Nowhere does the majority mention this crucial allegation, nor does it give any reason why paragraph 37 justifies defendants' self-dealing and fraud in concealing from plaintiffs the full picture of the conditions demanded by Bache. Paragraph 37 does not, clearly and unambiguously, authorize defendants to withhold from their partners crucial parts of the deal. At the very least then, if that paragraph is to be construed as permitting this unusual kind of self-dealing and concealment thereof, and as overriding the normal tenet of partnership law that partners owe to one another a fiduciary duty of the "utmost good faith, fairness, [and] loyalty", Newburger, Loeb Co., Inc. v. Gross, 563 F.2d 1057, 1078 (2d Cir. 1977), quoting Crane and Bromberg, Law of Partnership, § 68, at 390 (1968); see also N.Y. Partnership Law § 43(1) (McKinney 1948); Meinhard v. Salmon, 249 N.Y. 458, 464, 164 N.E. 545, 546 (1928) (Cardozo, Ch. J.) ("[A] trustee is held to something stricter than the morals of the marketplace. Not honesty alone, but the punctilio of an honor the most sensitive, is then the standard of behavior."), such a conclusion should be reached only after a finder of fact has so construed it, based on extrinsic evidence showing additional circumstances not apparent on the face of the agreement.
Until and unless congress changes RICO, mail and wire fraud are as much predicate acts of racketeering activity as murder and blackmail. As judges we have no right effectively to remove from RICO two crimes, mail fraud and wire fraud, that congress has decreed are among the hallmarks of racketeers. The majority seeks to distinguish fraud from other racketeering activity by saying, "We have, we believe, made it clear that we look with a jaundiced eye upon allegations of fraud based upon information and belief." The apparent basis for this statement is Fed.R.Civ.P. 9(b): "In all averments of fraud or mistake, the circumstances constituting fraud or mistake shall be stated with particularity." See Luce v. Edelstein, 802 F.2d 49, 54 n. 1 (2d Cir. 1986); Decker v. Massey-Ferguson, Ltd., 681 F.2d 111, 114 (2d Cir. 1982). But rule 9(b) requires only that "a complaint `must allege with some specificity the acts constituting the fraud.'" id., quoting Rodman v. Grant Foundation, 608 F.2d 64, 73 (2d Cir. 1979). Obviously, there is no violation of rule 9(b) here, since plaintiffs have specifically pinpointed the acts and circumstances they allege were fraudulent, and since the district court did not find, nor do defendants allege, any failure to comply with the rule. Instead, the majority extrapolates from the rule a "jaundiced eye" with which to regard allegations of fraud, even when made in compliance with the rule. I see no basis on a rule 12(b)(6) motion for the majority to reject properly pled allegations of fraud, even ones "based upon information and belief", see Schlick v. Penn-Dixie Cement Corp., 507 F.2d 374, 379 (2d Cir. 1974) ("While all of [the] allegations are stated on information and belief, * * * the particularity requirement may be satisfied if, as here, the allegations are accompanied by a statement of the facts upon which the belief is founded.").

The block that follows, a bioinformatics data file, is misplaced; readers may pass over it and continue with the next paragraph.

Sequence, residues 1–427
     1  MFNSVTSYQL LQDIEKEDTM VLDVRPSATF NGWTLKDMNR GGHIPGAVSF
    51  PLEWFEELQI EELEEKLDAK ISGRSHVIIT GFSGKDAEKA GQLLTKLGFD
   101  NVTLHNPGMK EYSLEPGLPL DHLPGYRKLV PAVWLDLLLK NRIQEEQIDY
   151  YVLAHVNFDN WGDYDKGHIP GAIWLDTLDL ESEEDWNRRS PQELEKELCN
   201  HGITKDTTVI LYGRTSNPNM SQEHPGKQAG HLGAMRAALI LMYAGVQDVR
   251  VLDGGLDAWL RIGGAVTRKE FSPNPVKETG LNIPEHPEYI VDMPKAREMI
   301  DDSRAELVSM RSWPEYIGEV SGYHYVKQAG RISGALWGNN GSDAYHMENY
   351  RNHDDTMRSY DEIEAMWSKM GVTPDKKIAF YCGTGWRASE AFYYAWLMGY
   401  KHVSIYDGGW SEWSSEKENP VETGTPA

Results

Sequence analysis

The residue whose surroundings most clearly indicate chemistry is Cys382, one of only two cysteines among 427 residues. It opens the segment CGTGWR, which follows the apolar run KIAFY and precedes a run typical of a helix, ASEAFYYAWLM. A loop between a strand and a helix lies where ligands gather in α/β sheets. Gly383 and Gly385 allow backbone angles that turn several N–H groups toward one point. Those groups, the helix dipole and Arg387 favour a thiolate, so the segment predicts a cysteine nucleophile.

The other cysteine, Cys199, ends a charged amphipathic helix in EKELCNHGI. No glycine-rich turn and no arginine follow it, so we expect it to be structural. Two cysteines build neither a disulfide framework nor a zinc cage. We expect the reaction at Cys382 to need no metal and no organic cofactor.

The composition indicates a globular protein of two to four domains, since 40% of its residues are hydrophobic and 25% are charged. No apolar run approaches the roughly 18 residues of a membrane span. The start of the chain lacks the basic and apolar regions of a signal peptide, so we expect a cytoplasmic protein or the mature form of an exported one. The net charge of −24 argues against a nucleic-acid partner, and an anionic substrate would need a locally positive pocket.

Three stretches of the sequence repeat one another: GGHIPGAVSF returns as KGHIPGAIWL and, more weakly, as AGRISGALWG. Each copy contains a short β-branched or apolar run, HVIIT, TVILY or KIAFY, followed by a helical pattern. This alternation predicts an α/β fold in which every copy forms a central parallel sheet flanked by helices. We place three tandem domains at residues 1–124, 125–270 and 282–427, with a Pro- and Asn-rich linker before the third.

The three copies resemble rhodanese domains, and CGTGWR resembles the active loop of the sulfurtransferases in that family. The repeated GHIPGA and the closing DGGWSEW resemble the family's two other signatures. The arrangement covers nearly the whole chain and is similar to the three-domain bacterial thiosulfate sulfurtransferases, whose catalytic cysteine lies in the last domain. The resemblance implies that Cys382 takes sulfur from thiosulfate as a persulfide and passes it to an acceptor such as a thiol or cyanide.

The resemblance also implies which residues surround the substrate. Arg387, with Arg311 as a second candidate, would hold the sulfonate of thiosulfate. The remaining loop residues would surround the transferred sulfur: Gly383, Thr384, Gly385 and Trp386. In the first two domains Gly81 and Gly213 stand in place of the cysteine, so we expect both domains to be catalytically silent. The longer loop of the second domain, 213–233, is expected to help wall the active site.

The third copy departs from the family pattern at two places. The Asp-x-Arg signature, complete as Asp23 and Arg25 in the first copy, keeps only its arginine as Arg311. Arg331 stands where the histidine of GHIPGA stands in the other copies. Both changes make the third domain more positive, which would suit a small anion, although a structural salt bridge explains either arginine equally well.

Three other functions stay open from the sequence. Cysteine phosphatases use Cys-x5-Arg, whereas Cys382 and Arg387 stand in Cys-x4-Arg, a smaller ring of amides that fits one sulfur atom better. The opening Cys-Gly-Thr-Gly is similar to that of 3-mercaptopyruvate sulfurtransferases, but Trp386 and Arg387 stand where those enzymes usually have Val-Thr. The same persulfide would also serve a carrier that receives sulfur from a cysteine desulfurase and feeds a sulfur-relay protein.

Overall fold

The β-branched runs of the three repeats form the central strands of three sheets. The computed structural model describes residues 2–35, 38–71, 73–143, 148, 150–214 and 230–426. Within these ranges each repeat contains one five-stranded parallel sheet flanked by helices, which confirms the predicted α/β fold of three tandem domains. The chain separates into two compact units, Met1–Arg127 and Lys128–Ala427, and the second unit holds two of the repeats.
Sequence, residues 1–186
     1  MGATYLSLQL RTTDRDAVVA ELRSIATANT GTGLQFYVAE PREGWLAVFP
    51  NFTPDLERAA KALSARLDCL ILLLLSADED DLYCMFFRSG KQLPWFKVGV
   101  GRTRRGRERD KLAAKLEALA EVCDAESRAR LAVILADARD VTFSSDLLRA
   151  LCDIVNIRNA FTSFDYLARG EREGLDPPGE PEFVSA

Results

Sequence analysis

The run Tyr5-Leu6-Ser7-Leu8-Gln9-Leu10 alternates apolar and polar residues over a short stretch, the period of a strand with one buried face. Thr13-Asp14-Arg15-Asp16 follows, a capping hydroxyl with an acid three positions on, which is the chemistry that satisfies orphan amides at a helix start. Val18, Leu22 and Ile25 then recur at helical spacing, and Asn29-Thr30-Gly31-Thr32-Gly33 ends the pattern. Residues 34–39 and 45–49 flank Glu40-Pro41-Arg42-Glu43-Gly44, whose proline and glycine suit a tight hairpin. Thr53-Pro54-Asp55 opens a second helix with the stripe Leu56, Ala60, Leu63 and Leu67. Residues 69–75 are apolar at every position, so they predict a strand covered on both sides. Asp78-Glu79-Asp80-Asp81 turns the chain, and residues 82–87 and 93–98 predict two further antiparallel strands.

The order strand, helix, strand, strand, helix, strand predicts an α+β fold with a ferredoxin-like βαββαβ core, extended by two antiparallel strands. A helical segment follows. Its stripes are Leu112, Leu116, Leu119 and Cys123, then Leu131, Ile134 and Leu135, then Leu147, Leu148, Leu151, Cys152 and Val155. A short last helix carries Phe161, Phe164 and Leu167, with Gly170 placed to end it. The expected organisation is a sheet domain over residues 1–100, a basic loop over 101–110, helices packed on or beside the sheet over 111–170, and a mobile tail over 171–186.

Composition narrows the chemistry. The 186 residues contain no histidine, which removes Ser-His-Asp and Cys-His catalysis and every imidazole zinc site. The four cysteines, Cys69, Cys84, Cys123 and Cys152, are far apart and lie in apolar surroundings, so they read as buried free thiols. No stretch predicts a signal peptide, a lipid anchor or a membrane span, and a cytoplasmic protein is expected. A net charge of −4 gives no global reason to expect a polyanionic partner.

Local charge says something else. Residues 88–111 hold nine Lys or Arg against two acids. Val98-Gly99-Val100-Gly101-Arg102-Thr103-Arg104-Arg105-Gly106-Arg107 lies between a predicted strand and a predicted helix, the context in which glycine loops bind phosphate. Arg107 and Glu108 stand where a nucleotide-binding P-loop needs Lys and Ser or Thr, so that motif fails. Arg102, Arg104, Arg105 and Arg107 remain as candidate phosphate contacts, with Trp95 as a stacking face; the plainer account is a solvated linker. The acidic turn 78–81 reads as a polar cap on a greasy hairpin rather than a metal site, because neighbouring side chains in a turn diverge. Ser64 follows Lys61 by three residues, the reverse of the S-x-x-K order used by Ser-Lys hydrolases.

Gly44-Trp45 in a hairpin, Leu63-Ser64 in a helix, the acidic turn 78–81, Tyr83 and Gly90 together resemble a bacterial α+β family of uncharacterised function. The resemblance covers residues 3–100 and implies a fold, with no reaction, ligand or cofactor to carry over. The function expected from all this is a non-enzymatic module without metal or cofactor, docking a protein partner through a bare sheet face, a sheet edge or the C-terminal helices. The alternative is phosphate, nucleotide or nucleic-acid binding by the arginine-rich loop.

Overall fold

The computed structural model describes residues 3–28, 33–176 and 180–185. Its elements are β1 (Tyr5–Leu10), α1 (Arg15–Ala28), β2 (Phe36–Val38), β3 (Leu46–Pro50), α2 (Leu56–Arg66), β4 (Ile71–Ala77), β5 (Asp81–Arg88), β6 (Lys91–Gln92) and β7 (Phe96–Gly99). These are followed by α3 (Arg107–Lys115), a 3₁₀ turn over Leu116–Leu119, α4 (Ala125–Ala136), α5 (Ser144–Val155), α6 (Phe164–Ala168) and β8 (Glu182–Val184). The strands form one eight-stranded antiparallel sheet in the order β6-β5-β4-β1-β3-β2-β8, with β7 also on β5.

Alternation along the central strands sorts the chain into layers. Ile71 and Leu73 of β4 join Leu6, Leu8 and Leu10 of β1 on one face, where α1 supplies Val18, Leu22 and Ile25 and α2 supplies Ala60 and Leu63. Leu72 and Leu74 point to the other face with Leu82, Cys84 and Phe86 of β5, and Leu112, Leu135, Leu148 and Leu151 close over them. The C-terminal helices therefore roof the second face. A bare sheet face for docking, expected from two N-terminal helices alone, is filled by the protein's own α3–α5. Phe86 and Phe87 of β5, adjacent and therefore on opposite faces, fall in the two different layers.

The majority does not merely refuse to assume the truth of plaintiffs' well-pled allegations of fraud; what it really does is decide the fraud issue against them. The proper time and place to decide that issue, however, is at trial, and not on a rule 12(b)(6) motion.